73. Lament of a husband whose wife and baby son died in childbirth When I see a nurse “Me, when I see a nurse, I see cruelty. When I see a nurse I see a witch, www.waverleycare.org 95
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76. Input from MaSP Health Group MembersMs Grace Goti Tahuna Soko,Deputy College Principal, Holy Family College of NursingDr Alexander Chijuwa,District Health Officer, Phalombe District Health OfficeMr Steve Musopole,Principal Architect, Malawi PolytechnicDr Mulina NyirendaAdult Emergency and Trauma Centre, Queen Elizabeth Central Hospital, (Ninewells Hospital),Mr Fyneck Kufeani,Electrical Engineer, Malawi Polytechnic, (UWS)Mr Webster Kadazi ChitsuloSecretary, Kuthandiza Osayenda Disability Outreach, (Global Concerns Trust)
77. Contributing factors toimproved maternal health inMalawi• Waiting antenatal wards, and an increase in number of rural maternal clinics• Community-based health: HSAs, community leaders, etc• Training of community midwives• Safe Motherhood Initiative• Up-skilling technicians where no registered nurse or midwife available• Training of traditional birth attendants
78. Main challenges towardsimproving MH in Malawi• Lack of resources: skilled personel, equipment, medication and finances• Inadequate infrastructure: access, facilities (electricity) and space• Socio-cultural attitudes: limited community participation, family planning• Information transfer and illiteracy
79. A Scottish contribution?• Infrastructure: building district hospitals, maternity units, training centres• Equipment: ambulances• Education: campaigns in schools and in the community• Training: training and retaining health professionals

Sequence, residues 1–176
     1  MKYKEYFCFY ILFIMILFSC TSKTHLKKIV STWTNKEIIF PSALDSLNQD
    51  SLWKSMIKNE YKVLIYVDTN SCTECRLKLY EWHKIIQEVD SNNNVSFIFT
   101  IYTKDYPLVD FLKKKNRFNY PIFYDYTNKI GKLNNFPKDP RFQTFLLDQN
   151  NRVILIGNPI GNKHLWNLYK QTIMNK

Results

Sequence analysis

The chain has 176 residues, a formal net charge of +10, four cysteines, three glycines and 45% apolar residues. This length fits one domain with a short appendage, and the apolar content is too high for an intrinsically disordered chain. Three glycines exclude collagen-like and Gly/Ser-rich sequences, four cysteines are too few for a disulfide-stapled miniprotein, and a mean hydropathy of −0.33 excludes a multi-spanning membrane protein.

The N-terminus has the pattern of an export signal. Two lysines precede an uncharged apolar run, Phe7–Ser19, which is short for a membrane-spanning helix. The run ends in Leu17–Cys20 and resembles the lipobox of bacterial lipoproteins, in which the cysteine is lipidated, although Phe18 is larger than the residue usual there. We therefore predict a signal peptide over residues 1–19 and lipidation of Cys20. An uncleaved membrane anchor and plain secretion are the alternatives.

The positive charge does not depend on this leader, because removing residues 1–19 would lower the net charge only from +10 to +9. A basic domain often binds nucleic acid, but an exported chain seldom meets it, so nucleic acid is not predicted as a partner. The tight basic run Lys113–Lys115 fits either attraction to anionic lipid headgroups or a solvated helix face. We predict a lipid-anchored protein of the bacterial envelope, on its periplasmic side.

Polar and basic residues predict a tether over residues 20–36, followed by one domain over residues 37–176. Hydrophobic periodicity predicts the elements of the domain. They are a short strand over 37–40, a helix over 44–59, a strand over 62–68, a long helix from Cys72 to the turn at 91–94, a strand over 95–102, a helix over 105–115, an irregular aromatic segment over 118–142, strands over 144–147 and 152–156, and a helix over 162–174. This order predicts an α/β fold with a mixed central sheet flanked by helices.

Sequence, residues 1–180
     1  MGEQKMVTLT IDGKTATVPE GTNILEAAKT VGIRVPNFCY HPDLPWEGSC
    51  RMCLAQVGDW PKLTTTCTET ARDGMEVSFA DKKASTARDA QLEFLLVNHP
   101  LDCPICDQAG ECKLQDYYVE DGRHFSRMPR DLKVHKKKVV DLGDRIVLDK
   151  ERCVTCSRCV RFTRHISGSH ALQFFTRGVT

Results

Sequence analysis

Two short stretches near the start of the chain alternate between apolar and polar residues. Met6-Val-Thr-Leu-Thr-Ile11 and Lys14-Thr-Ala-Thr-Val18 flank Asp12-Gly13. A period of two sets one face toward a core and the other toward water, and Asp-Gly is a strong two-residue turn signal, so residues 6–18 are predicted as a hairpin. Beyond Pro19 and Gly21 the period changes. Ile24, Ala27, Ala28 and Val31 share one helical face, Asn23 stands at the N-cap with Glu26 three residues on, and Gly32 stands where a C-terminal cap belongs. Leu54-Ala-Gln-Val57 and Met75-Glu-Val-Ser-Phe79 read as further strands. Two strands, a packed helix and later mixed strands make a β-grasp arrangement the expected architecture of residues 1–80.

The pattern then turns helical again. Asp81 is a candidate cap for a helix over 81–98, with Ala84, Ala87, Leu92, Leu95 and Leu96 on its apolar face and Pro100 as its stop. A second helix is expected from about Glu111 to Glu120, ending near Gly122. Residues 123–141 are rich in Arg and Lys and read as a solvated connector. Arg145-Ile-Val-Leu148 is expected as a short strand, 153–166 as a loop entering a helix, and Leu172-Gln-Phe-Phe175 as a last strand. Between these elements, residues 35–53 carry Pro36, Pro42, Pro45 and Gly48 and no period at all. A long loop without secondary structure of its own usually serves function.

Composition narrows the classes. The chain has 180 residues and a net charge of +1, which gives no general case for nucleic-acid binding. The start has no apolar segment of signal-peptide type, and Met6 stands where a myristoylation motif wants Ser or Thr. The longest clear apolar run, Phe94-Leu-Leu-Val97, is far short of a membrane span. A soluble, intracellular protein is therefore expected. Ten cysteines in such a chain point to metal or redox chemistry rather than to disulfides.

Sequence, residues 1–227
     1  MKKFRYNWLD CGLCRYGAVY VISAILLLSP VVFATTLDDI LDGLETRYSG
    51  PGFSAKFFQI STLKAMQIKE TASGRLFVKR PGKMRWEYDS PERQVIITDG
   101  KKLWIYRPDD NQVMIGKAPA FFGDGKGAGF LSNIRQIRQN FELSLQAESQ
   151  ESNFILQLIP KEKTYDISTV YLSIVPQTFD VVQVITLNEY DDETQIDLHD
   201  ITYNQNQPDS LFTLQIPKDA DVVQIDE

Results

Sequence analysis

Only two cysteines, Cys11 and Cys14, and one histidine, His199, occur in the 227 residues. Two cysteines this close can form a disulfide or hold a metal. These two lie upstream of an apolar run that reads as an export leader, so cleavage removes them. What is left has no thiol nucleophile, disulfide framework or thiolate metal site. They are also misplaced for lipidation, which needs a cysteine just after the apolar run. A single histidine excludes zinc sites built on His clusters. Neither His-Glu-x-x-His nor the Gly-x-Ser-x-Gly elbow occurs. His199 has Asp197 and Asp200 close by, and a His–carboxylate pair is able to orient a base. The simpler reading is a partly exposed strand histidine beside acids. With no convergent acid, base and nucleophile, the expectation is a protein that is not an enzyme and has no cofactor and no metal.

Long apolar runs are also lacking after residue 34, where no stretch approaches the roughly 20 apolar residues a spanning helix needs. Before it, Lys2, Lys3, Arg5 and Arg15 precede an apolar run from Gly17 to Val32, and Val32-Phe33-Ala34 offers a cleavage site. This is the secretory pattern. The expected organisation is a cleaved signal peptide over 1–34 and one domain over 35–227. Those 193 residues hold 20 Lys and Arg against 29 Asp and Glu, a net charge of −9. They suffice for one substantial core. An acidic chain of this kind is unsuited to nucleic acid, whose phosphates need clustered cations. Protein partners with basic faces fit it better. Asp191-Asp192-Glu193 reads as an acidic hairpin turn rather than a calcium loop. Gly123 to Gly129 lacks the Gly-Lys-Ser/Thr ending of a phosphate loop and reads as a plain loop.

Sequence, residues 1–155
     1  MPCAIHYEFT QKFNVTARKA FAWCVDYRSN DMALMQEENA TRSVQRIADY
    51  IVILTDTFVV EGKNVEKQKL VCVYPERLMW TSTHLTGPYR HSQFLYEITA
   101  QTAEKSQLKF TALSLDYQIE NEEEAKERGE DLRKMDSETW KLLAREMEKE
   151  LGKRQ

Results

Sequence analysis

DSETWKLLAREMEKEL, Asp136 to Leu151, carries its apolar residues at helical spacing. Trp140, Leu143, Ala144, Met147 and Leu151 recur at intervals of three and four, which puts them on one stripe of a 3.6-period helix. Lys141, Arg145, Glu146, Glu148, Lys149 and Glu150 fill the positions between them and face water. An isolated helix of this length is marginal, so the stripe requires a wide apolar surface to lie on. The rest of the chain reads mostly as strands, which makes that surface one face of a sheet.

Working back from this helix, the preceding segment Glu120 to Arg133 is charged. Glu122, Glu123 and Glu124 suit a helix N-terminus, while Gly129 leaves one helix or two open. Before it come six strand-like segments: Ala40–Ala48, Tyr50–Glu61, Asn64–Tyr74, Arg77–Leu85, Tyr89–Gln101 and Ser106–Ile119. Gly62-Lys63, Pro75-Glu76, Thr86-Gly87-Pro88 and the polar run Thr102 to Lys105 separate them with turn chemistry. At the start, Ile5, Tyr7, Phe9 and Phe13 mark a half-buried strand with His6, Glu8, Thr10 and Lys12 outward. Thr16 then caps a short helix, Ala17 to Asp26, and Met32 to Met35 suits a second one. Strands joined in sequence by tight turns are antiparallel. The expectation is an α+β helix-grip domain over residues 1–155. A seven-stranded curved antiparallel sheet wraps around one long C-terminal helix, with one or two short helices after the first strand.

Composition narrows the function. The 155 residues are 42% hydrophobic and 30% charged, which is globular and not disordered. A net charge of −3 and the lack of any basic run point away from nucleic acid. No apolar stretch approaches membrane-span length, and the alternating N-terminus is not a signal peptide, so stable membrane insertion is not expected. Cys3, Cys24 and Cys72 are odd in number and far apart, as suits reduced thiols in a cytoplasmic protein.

80. Summary of recommendations from 2011 SMP Report:Malawi-led: Projects have to be developed in response to requests from Malawi. Teachingprogrammes should be adaptable to different cadres – doctors, nurses, midwives and clinicalofficers – and should support policies which foster good working relationships between thedifferent professional categories.Good stewardship: Making sure that funds are correctly used and accounted for.Sustainable: Training trainers is essential and ensuring local ownership of the programme. Ifequipment is available for sending make sure there is a need for it and that it can be servicedlocally.Coordinated: Good collaboration between groups in Scotland is important to avoid replication ofeffort but it is also important to establish that there is not duplication or overlap in Malawi.Capacity-building in Malawi: In addition to the benefit in terms of trainees working in their owncountry or region partnerships need to ensure that clinical experience gained was locallyrelevant.Exit strategy: Writing yourselves out of the script!Manage expectations: There is a need to clarify the commitment of Scottish staff going toMalawi on medium-term assignments (anxiety about losing out on National Insurance andsuperannuation payments).
81. Health Links Forum Action • Further discuss on challenge of per diem culture (SMP event?) Points • Promoting inter-disciplinary • MOU with NHS approaches • NHS administration of funding • Supporting leadership • Enabling Malawi-led ideas: management initiatives in Malawi working with MaSP to coordinate • Up-skilling efforts from Malawi • SMP training on financial management (Q3/Q4)• Discussion among SMP members on impact of devaluation on partner projects in Malawi • Important of education/relationship to maternal health